Smith + Tracey
A SACRED SPACE, A LEARNING PLACE
What can a chapel and a Nautilus shell possibly have in common?
The name Thomas Carr College Chapel brings up visions of a reduced-scale Gothic-style church in a well-established private school. The reality is a strikingly contemporary design in a Catholic secondary school serving a rapidly-developing suburb in Melbourne’s outer-west.
The school originally proposed relocating a small, timber country church but cost and practicalities caused this to be abandoned in favour of a new build. The arresting striped pattern of the chapel’s curved facade –possible only with the modularity that is inherent in brickwork – has created a signature building at the gateway to the campus.
This is the third building designed by Smith + Tracey Architects for the Thomas Carr College campus. The company was founded in 1946 and is best known for its ecclesiastical architecture but is also involved in aged care and multi-residential design.
The two previous buildings, a Year7/8 middle school and a trade training centre, were similarly ambitious in their design and well received by the school community. “The school encourages contemporary architecture and we ensure our work meets their functional needs as well,” says the chapel’s design architect Stasinos Mantzis.
The chapel is relatively small, seating about 100, with a similar overflow into the courtyard if required. It was not designed as a whole-of- school space but as a place for individual reflection and contemplation as well as a teaching space for religious education. It isn’t intended for community use or for extra-curricular ceremonies such as weddings, baptisms or funerals.
Both internally and externally the building is intriguing in plan. “Essentially it’s one big room with a shape that is organic and free-flowing rather than rectangular,” Mantzis explains. This shape is based on the Fibonacci Sequence, named after a 12 th century Italian mathematician. The sequence is found widely in nature – the spiralling curve of the Nautilus shell is just one example – and in architecture such as the facade roportions of the Parthenon, and in the Golden Mean. It can also be present in music and poetry.
The chapel is located at the main entry to the campus, with the striped brickwork facade making its dramatic statement to the street. This face reaches up to five metres, a substantial height for what is a relatively small building. The rear facade, which faces the school buildings beyond, is clad in composite panels. The cavity brickwork is not loadbearing; a steel frame carries the structural loads.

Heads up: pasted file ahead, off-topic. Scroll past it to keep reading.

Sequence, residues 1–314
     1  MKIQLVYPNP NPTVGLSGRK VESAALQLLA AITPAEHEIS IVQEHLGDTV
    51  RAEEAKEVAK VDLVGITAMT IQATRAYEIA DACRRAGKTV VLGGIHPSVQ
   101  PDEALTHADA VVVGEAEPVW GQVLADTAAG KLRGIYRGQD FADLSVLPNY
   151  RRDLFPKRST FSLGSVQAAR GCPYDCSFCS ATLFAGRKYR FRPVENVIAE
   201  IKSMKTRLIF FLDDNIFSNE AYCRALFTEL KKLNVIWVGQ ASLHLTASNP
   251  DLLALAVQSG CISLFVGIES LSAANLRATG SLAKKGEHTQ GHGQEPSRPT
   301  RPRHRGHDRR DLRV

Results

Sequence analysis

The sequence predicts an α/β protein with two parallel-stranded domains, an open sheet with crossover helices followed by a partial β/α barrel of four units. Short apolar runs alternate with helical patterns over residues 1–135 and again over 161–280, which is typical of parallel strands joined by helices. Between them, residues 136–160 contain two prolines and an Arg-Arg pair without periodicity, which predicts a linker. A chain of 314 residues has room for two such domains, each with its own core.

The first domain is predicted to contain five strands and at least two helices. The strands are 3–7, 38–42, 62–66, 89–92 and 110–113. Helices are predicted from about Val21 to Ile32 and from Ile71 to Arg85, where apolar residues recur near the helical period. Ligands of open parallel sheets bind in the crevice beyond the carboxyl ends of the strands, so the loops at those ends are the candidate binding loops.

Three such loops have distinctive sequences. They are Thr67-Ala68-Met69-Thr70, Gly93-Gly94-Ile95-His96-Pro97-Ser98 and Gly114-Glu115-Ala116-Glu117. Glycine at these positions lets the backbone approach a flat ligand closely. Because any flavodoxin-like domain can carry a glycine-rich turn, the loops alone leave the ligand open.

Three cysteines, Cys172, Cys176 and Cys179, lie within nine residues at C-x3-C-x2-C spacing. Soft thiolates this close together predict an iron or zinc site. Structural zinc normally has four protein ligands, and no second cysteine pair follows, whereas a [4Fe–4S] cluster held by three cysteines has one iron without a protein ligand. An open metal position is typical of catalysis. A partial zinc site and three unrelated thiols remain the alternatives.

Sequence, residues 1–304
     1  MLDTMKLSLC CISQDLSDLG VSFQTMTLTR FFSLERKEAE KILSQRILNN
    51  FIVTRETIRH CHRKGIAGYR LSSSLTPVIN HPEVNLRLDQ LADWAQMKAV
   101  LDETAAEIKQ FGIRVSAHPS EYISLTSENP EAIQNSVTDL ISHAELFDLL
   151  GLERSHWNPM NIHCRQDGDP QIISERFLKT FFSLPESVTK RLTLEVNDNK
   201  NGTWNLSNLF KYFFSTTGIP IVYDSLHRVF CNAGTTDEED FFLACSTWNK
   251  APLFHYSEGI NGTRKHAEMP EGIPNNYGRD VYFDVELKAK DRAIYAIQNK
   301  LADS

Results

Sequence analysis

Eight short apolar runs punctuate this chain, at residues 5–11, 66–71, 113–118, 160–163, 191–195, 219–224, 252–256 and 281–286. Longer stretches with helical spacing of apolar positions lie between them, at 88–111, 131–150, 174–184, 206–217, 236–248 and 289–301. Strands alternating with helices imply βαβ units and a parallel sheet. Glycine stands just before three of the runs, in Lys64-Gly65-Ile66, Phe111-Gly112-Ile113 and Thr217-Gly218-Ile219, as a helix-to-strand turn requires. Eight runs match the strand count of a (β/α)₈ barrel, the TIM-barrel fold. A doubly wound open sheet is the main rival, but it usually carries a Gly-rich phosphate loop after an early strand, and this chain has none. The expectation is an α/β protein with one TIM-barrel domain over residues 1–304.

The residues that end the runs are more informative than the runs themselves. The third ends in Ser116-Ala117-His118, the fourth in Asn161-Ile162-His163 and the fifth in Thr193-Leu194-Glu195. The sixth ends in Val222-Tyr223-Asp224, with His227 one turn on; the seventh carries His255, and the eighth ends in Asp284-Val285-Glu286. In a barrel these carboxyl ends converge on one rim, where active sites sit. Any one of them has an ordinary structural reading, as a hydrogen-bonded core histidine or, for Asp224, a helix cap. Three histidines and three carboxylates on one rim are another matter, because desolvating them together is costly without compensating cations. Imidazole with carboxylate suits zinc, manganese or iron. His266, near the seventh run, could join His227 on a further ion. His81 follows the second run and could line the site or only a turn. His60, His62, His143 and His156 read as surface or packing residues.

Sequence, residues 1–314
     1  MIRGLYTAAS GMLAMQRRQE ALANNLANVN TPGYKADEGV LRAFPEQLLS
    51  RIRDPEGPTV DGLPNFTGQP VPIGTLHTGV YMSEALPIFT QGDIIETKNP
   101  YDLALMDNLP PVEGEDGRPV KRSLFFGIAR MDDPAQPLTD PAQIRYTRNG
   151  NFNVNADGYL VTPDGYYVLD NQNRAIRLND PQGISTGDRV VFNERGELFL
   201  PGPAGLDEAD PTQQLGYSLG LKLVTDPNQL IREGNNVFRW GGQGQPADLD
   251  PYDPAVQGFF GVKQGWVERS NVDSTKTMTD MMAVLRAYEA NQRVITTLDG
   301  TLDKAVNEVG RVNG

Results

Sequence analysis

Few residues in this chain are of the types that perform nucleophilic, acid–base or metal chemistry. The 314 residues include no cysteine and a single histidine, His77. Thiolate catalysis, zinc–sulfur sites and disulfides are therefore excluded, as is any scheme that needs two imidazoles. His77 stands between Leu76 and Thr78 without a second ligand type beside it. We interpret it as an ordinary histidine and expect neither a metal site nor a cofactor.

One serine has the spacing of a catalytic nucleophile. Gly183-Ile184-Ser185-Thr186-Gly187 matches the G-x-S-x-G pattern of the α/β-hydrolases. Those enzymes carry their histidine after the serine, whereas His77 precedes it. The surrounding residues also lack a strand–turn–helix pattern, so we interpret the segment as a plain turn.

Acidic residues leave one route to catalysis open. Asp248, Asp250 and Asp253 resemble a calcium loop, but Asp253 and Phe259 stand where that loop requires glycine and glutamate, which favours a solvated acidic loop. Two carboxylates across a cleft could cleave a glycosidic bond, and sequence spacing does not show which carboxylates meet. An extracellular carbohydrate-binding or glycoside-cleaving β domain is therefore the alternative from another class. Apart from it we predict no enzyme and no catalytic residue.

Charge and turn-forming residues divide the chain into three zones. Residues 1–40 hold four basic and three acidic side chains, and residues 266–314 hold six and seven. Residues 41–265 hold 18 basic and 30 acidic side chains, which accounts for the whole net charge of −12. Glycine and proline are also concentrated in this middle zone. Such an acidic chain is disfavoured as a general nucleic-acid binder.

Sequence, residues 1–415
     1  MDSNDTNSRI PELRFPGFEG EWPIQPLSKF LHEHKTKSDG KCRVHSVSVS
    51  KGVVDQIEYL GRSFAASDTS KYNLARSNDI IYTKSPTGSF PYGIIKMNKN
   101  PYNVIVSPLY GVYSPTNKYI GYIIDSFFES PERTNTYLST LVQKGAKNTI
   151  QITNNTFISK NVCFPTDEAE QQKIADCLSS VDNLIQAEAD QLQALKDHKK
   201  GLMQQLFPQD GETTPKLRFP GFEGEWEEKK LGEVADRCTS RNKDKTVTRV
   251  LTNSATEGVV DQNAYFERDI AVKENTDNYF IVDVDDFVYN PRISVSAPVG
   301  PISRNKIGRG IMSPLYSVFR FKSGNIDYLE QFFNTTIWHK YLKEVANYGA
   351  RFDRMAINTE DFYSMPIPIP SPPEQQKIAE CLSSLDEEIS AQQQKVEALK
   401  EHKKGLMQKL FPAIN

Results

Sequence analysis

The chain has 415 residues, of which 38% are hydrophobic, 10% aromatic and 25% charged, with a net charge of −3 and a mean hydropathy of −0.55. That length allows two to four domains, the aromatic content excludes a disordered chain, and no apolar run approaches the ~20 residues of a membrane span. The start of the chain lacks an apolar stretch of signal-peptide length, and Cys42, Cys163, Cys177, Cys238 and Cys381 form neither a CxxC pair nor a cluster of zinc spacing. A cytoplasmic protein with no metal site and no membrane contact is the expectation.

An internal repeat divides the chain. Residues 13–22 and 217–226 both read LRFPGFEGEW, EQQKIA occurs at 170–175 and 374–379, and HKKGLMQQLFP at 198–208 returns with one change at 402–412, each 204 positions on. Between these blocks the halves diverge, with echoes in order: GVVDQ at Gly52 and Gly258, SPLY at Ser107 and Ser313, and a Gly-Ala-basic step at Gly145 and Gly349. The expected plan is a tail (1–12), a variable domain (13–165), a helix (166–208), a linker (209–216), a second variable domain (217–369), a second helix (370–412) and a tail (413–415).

“The placement and orientation of the chapel and the way you approach it was very much about coming from the street but also coming from the school,” says Stasinos Mantzis. “As you walk around the building the two sides give different experiences. I thought that was quite important in giving it a sense of ceremony.”
Why brickwork? “Brick was my first choice mainly for its warmth and the ability to play with colour,” Mantzis explains. “I think that was important and for its suggestion of solidity.” He adds that brick also “references and celebrates the suburban context. To the street it’s also a very solid material and slightly monumental.”
The remarkable diagonally striped brickwork is a reference to the tradition of polychromatic (multi-coloured) brickwork which appears widely in Melbourne’s colonial-era architecture such as churches, public buildings and housing, a prominent example being Rippon Lea mansion.
Mantzis chose Bowral Bricks Charolais Cream and Bowral Blue dry-pressed bricks to generate the contrast he was seeking. “We needed that strong contrast to bring out the pattern, for it to be really evident from a distance.” The Charolais Cream stripes break up the darker Bowral Blue background in the exterior, while the pattern is reversed on the interior.
Although the striped patterning looks complicated, the bricklaying process was relatively straightforward: three bricks of one colour to one of the other, offset by one brick as each course rises. A light colour mortar is used throughout the brickwork.
“I’ve done lots of patterns with bricks,” says Mantzis. “It does take more time but I have found that most bricklayers who enjoy their craft take up the challenge. They are proud of the fact that they were able to achieve the pattern. The chapel brickwork was beautifully laid. It’s perfect.”
The brickwork is punctuated by windows, sized to the brick dimensions and fitted with contemporary stained glass by Anthony Russo of Orchard Design celebrating the life of Thomas Carr, Melbourne’s second Catholic archbishop.
The internal layout is unconventional with the altar and lectern at opposite ends of the centrally-located worship space, all but surrounded by seating. This has more in common with a monastic layout than the traditional arrangement of rows of seating facing the worship area.
“The building is fantastic,” says Gerard Smith, director of Smith + Tracey and son of its co-founder Des Smith. “It’s come up really well. It is the first point of arrival at the school. As people come in they see the chapel, so it’s instantly recognisable as a Catholic secondary college, which what the principal was after.”
After a six month build, the Thomas Carr College Chapel was blessed and officially opened by the Archbishop of Melbourne in December 2014. The next phase of campus development is a performing arts centre.
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